The 16-year-old boy's European jaunt was coming to a close, and he was just about to hop a plane to visit his grandfather in the U.K. before heading home to the States when it hit him: "My backpack!"
The kid was lucky. He had an understanding grandfather who guided him through the hurdles of getting an emergency passport. "Haven't we all left something on a train?" chuckled the grandfather. The teen's father was less amused, since this meant a missed flight and a replacement ticket that cost a staggering $2,000.
Now let's talk about you (and I'll assume you do not have a helpful grandpa in Europe): What do you do if you're traveling and: (A) You meet up with pickpockets, (B) You notice bedbugs, (C) You're offered a spiked drink, or (D) there's an emergency aboard your aircraft?
Fortunately, I've got some tips.
First things first: who do you trust?
Select a Go-To Person: Choose a trusted friend or relative back home to be your "go-to" person. This contact -- like you -- should have copies of passport and any visas; credit card numbers and lost/stolen card contacts; copies of travelers check information; addresses of embassies/consulates in the countries you'll be traveling to (see the State Department Web site at http://travel.state.gov/passport/).
Make sure your "go-to" friend is reachable 24/7 -- lend them a cell phone if you have to, and be sure they keep it on at all times. And give them a house key so you won't have to go through what I did, when a nosy (and keyless) neighbor spotted water spilling out of my traveling parents' home!
Fast Action Key When Passport Gets Lost
Avoid Theft: You're in Paris, enjoying the glories of Notre Dame, when you suddenly notice your wallet is gone along with your passport. What to do?
Don't delay. Contact the local authorities and make a crime report. This could mean waiting in a long line, so use the time to call and cancel your credit cards. Then contact the nearest embassy or consulate to apply for an emergency passport -- with luck, you'll get it the same day.
Tips: Avoid the hassle with a little pre-planning. First of all, why carry five credit cards when you only need one? And, unless you're being honored by the queen, do you really need those diamond earrings? And forget substituting them with fakes -- pickpockets won't know the difference and will assume you have money. Don't flash cash, either.
If you must bring valuables, store them in a hotel safe and cut down on cards and cash. If you bring two credit cards, keep one in the safe, for emergencies. And keep whatever cash and cards you do need, carry in a hard-to-get-to place. Many say your best bet is a zippered money belt that fits down inside the front of your slacks. A good idea for women, too: save your purse for souvenirs.
Insects Can Eat Away at Your Fun
Look Out for Insects: Sorry about this, but yes, bedbugs are making a comeback. And they are just as happy to stay at a posh hotel as a, well, a fleabag.
If bitten, try not to scratch and remember, they're not so much a health threat as a humiliation.
Tips: Look for infestations: examine corner seams on mattresses. You're looking for tiny black spots. If you see any, get another room. Hotels are aware of the problem and do what they can to combat the creatures, but understand that these days bed bugs are not necessarily a sign of bad housekeeping.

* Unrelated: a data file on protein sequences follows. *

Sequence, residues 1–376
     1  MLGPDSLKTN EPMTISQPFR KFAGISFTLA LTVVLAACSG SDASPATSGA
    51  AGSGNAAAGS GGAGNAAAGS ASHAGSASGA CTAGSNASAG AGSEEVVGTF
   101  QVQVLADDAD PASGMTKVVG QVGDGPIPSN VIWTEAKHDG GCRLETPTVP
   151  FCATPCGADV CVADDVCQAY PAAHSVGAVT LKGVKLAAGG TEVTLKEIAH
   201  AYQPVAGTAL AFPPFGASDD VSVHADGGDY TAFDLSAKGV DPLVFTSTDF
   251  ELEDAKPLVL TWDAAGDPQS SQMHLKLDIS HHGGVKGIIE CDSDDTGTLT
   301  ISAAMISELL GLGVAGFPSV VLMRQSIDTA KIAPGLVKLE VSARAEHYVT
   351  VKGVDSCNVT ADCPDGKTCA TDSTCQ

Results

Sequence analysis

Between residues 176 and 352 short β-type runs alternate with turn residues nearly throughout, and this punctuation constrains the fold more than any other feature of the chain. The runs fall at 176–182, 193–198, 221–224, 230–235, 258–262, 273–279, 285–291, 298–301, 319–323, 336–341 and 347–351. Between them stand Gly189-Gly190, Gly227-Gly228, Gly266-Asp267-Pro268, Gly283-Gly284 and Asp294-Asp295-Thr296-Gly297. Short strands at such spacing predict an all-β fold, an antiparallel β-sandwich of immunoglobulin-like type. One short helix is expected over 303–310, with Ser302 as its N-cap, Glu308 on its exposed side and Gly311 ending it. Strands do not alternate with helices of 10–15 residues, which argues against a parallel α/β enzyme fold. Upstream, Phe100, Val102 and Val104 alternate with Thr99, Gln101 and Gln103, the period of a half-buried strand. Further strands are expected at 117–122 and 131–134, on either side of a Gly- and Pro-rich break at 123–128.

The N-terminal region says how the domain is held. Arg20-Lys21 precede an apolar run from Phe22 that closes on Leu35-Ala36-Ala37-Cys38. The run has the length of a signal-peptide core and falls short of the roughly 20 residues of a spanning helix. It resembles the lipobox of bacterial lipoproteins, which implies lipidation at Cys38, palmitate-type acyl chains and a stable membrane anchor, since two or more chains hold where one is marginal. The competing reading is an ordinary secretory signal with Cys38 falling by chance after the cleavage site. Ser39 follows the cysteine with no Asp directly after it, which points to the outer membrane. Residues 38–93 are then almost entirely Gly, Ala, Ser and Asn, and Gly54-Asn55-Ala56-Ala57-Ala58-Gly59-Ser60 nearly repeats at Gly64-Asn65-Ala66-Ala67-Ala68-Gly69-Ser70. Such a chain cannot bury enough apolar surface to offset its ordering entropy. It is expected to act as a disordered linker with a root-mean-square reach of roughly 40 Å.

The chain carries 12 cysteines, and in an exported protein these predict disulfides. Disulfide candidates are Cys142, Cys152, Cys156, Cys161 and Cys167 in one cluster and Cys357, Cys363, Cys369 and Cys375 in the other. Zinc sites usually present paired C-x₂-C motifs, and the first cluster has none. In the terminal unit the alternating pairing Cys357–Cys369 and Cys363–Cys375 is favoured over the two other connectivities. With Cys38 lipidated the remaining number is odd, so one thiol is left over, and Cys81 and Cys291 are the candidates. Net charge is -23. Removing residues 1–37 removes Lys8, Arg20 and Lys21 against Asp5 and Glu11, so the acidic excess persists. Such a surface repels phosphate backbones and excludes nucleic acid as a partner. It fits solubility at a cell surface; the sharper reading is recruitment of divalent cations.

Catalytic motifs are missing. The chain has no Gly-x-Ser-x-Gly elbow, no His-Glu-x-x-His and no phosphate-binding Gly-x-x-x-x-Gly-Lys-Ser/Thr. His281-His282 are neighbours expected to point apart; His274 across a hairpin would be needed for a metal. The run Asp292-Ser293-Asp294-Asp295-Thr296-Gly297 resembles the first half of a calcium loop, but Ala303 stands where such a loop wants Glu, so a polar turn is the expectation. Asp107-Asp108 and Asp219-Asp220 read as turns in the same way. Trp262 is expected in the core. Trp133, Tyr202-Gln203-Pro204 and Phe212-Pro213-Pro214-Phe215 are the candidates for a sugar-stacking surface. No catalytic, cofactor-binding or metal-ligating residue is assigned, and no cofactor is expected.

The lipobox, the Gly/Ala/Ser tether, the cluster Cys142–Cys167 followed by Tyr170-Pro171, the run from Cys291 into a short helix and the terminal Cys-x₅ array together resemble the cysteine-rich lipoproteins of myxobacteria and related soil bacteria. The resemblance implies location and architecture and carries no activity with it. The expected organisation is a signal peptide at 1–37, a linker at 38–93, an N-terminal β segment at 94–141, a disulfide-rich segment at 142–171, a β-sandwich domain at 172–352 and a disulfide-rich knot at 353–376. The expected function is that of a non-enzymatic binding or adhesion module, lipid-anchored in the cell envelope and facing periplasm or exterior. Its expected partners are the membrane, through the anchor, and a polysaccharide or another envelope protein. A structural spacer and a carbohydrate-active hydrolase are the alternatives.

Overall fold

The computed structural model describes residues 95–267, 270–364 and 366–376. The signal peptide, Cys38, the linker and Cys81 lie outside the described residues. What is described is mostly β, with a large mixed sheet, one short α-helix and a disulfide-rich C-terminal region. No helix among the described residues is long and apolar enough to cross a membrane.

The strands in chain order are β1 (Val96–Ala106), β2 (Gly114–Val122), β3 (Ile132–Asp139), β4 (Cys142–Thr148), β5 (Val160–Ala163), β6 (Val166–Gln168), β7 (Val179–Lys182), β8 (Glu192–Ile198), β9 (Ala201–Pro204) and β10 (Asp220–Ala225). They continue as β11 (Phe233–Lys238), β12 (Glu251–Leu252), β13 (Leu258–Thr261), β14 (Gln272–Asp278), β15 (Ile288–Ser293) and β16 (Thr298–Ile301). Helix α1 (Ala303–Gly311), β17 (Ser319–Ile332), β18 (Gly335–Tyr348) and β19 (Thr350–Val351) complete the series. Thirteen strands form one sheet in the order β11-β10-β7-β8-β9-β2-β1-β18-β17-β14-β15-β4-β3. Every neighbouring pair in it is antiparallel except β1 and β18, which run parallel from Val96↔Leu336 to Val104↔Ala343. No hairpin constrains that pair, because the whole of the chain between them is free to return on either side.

Be Careful of New "Friends": Keep your hotel room your own personal space. When traveling solo, do not issue open invitations to that intriguing person you "met" on a dating site. You might be meeting up with a thief or worse.
Contact the hotel and the police if you've been ripped off. Don't let embarrassment keep you from protecting the next unsuspecting victim.
Tips: Use common sense: when meeting strangers in a strange city, go to a public place in daylight hours. In your hotel, don't answer the door (unless you know who's there). In the bar, take a tip from acclaimed journalist and world traveler Nicholas Kristof, who says when presented with pre-poured drinks in "rough" parts of the world (and that could be anywhere), simply "switch them with your host, cheerfully explaining: 'This is an American good luck ritual!'"
Onboard Emergency: This will probably never happen in a million years, but just in case a flight attendant asks you to assume the brace position (as happened with the folks who landed in the Hudson last January), know what to do.
Tips: Follow the crew's commands. If you can't hear, the brace position typically means sitting as far back in your seat as possible (seat belt on), with feet flat on the floor in front of your seat. Have your chin on your chest and bend forward with your arms around your legs.
And when you are told to get up and get out, do so, taking nothing.
Now, remember our young friend who left his backpack on the train? Well here's a nod to the integrity of the people with Germany's rail system: the backpack was eventually found by a maintenance employee -- with all contents intact.
This work is the opinion of the columnist and in no way reflects the opinion of ABC News.
Rick Seaney is one of the country's leading experts on airfare, giving interviews and analysis to news organizations, including ABC News, The New York Times, The Wall Street Journal, Reuters, The Associated Press and Bloomberg. His Web site FareCompare.com offers consumers free, new-generation software, combined with expert insider tips to find the best airline ticket deal.